Student, Engineer, Soldier all in one
Spc. Arshia Gill, Alpha Company, 898 Brigade Engineer Battalion, 81st Stryker Brigade Combat Team, prepares a door for a breaching exercise on a demolitions range at the Yakima Training Center, June 12, 2018. Alpha Company is conducting their annual training at YTC. (U.S. Army National Guard photo by Sgt. David Carnahan)
Spc. Arshia Gill is breaking the mold and has become one of the many new female soldiers stepping into a combat military occupational specialties.
But, for Gill, she’s become more than just a trail blazer, she’s an engineer, a student and a soldier all wrapped up into one. Gill is a combat engineer with Alpha Company, 898 Brigade Engineer Battalion, 81st Stryker Brigade Combat Team.
“If a I had an opportunity to do this all over again, even though it’s really difficult managing it, I definitely would; it’s a cool experience,” said Gill.
“She’s always the first one wanting to learn and go do something,” added Sgt. Jason Longmire with Alpha Company, 898 Brigade Engineer Battalion, 81st Stryker Brigade Combat Team. “We were doing urban breaching [training] yesterday and she was right there, right next to the door, maybe five or 10 feet away holding the blast blanket so that no one got hurt.”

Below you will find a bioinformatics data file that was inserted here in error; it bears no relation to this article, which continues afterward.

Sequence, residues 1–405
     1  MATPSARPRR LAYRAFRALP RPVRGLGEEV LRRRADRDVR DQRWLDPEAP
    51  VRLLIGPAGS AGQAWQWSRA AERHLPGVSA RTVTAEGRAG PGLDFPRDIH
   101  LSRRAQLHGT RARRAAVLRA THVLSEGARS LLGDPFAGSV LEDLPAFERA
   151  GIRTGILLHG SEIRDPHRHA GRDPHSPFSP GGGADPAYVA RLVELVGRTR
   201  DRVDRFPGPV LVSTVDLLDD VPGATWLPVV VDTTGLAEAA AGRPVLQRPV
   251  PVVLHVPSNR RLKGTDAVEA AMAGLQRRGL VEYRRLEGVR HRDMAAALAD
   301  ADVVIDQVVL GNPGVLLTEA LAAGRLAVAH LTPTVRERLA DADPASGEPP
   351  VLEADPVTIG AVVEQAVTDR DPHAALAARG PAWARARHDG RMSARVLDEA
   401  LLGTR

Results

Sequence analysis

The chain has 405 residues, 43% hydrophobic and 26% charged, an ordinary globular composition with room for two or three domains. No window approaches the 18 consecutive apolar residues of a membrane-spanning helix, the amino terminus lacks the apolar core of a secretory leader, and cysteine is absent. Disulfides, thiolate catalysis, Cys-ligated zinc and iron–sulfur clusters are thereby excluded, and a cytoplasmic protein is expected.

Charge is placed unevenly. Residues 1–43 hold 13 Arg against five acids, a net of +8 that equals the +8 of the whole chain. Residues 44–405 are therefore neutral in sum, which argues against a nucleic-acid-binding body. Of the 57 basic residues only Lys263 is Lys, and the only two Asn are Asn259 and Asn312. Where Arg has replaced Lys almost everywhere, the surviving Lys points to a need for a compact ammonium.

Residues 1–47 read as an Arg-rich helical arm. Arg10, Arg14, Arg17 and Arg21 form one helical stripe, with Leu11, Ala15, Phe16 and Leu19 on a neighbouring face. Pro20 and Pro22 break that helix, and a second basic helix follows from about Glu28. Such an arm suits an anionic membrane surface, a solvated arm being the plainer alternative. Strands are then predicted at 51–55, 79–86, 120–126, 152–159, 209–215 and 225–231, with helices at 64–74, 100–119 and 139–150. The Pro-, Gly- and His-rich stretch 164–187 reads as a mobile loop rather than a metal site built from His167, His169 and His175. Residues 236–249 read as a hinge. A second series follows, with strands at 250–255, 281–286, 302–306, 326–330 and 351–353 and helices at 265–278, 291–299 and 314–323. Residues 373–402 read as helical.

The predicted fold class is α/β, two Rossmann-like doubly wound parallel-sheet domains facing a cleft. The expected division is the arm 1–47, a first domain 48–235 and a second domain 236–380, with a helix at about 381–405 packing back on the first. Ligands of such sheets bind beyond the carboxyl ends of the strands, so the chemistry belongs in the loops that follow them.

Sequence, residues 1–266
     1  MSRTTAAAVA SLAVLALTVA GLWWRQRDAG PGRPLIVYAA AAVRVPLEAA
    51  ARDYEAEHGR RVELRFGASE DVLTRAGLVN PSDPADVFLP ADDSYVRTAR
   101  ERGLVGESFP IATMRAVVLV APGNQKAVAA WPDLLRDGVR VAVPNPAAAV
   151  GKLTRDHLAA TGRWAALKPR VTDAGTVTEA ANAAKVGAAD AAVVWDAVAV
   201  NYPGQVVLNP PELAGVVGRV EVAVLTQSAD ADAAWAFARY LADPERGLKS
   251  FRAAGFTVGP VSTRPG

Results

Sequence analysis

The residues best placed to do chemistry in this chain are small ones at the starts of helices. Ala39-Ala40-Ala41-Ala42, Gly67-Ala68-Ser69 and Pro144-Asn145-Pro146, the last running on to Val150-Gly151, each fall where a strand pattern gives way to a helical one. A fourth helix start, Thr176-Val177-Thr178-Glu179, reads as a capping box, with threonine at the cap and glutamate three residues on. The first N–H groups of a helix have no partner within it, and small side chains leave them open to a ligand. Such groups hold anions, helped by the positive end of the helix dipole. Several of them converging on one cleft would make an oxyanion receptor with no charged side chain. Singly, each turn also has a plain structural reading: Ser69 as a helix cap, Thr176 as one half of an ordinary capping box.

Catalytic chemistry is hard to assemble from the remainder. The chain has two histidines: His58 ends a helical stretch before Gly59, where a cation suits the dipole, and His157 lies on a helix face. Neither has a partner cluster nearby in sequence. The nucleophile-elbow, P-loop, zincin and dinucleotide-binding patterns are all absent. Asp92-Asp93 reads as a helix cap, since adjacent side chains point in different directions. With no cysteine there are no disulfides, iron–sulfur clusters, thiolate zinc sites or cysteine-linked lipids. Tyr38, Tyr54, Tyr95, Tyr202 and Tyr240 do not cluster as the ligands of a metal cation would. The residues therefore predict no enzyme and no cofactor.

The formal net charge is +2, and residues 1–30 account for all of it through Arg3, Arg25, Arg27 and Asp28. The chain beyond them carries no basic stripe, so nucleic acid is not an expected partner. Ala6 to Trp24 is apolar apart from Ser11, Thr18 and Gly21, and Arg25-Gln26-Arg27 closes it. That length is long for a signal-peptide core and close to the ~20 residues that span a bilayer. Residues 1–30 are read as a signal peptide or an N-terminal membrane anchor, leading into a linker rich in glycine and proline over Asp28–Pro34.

Gill’s company commander, Cpt. Brandon Buehler describes her as a warrior and a true combat engineer. Combat engineers are expected to be able to build structures, operate explosives, and do the appropriate mathematics to ensure that both are done correctly.
When she’s not at drill, Gill is a full-time student at the University of Puget Sound. The two lifestyles are night and day. Her school’s trim and manicured campus is a world away from the hot and dusty field training at the Yakima Training Center. Transitioning back and forth can be challenging.
“If I have a weekend off, I usually visit home and my family that usually puts me back on my feet if I’m having a tough time,” she said.
Family is a big motivator for Gill.
“Most of the men in my family have served in different armies around the world, and I am the first in my generation, and also the first female [soldier] in my family.”
In January 2016, the Department of Defense opened all military occupational specialties to women.
“I was a little scared after basic because drill sergeants try to freak you out about being one of the first women in a combat MOS that just opened up,” Gill said. “[I heard] a lot about being able to carry your own weight, and I pride myself in being able to do that.”
Gill was nervous about arriving in her first unit, but that concern went away when she got to know her new teammates.
“I honestly feel blessed to be in this unit,” she said. “I’m just really happy that I got placed with some of the men that are in this unit because they’re very respectful and the transition was very easy. I didn’t feel like there were any bumps in the road or anything like that.”